We were discussing the basics of Boundary
layer theory, laminar
boundary layer, turbulent
boundary layer, boundary
layer thickness, displacement thickness and momentum thickness, energy thickness and drag force &lift force, in the
subject of fluid mechanics, in our recent posts.

###

After understanding the fundamentals of drag and lift coefficient, we will discuss now a new topic i.e. Compressible flow,
in the subject of fluid mechanics, with the help of this post. Before going in
detail discussion about compressible flow, we must have basic knowledge about
various equations associated with the compressible flow.

Till now we were discussing the various concepts and
equations such as continuity equation Euler equation, Bernoulli’s equation and
momentum equation for incompressible flow. In same way, we will start here our
discussion about the compressible fluid flow with continuity equation.

Compressible flow is basically defined as the flow
where fluid density could be changed during flow.

###
**Continuity
equation for compressible fluid flow **

As we know that continuity equation is based on the
law of conservation of mass.

According to the law of conservation of mass, matter
could not be created and nor destroyed. In simple words, matter or mass will be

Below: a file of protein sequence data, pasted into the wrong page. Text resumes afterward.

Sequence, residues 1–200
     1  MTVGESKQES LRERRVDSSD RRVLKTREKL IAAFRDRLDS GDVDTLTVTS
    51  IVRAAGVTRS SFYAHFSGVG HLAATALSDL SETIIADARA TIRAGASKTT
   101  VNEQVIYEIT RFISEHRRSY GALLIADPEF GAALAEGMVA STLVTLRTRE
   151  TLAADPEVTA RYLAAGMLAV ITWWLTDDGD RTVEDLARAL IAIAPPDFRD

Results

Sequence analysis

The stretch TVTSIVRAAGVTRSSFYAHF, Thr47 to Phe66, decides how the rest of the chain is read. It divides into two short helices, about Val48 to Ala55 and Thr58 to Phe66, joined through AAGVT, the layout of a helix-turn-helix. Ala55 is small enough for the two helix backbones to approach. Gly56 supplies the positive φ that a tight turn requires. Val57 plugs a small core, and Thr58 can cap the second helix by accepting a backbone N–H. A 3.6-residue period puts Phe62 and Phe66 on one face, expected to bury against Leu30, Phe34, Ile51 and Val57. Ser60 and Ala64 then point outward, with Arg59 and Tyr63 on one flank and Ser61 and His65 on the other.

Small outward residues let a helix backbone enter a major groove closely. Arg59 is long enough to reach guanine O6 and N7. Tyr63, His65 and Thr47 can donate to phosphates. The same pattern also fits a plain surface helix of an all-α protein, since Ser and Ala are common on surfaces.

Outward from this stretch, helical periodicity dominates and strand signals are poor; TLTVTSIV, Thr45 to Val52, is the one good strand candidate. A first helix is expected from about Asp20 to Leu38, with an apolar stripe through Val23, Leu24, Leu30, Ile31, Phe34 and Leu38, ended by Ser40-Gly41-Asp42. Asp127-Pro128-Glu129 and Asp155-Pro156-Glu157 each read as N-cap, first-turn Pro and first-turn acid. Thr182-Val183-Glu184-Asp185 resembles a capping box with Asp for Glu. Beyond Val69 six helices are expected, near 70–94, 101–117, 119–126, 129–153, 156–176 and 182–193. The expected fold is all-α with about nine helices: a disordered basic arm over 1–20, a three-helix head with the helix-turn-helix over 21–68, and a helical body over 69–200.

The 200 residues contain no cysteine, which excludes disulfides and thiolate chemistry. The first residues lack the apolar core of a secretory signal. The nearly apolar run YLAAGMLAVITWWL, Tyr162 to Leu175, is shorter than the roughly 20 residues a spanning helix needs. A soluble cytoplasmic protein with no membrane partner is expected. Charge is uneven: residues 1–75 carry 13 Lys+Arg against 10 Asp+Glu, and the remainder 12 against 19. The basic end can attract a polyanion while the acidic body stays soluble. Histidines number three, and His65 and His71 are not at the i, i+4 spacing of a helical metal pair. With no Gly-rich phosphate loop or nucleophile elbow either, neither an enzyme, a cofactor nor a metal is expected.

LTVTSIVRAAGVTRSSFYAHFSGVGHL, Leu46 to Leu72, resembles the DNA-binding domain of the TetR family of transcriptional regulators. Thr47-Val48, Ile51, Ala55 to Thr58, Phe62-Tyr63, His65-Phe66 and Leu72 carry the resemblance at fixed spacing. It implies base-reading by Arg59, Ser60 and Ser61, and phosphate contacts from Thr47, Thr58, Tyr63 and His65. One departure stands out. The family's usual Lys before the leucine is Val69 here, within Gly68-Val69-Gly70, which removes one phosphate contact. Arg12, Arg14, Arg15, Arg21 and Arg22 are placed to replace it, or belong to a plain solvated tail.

constant.

Therefore change in mass will be zero. Here, we will
use this concept to find out the equation of continuity for compressible fluid
flow.

Let us write the equation now for conservation of mass
for compressible fluid flow. Let us assume that fluid flow is one dimensional steady
flow.

Mass per second = Constant

ρ AV = Constant

Where,

ρ = Density
of fluid flow

A = Area of cross-section

V = Velocity of fluid flow

Change of mass per second = 0

d (ρ AV) = 0

ρ d (AV) + AV dρ = 0

ρ A dV + ρ V
dA + AV dρ = 0

Now we will divide the above equation by term ρ A V

Above equation is known as the continuity equation of
compressible fluid flow.

Further we will go ahead to find out the Bernoulli’s equation for compressible fluid flow, in the subject of fluid mechanics, with
the help of our next post.

Do you have any suggestions? Please write in comment
box.

### Reference:

Fluid mechanics, By R. K. Bansal

Image
courtesy: Google

## No comments:

## Post a comment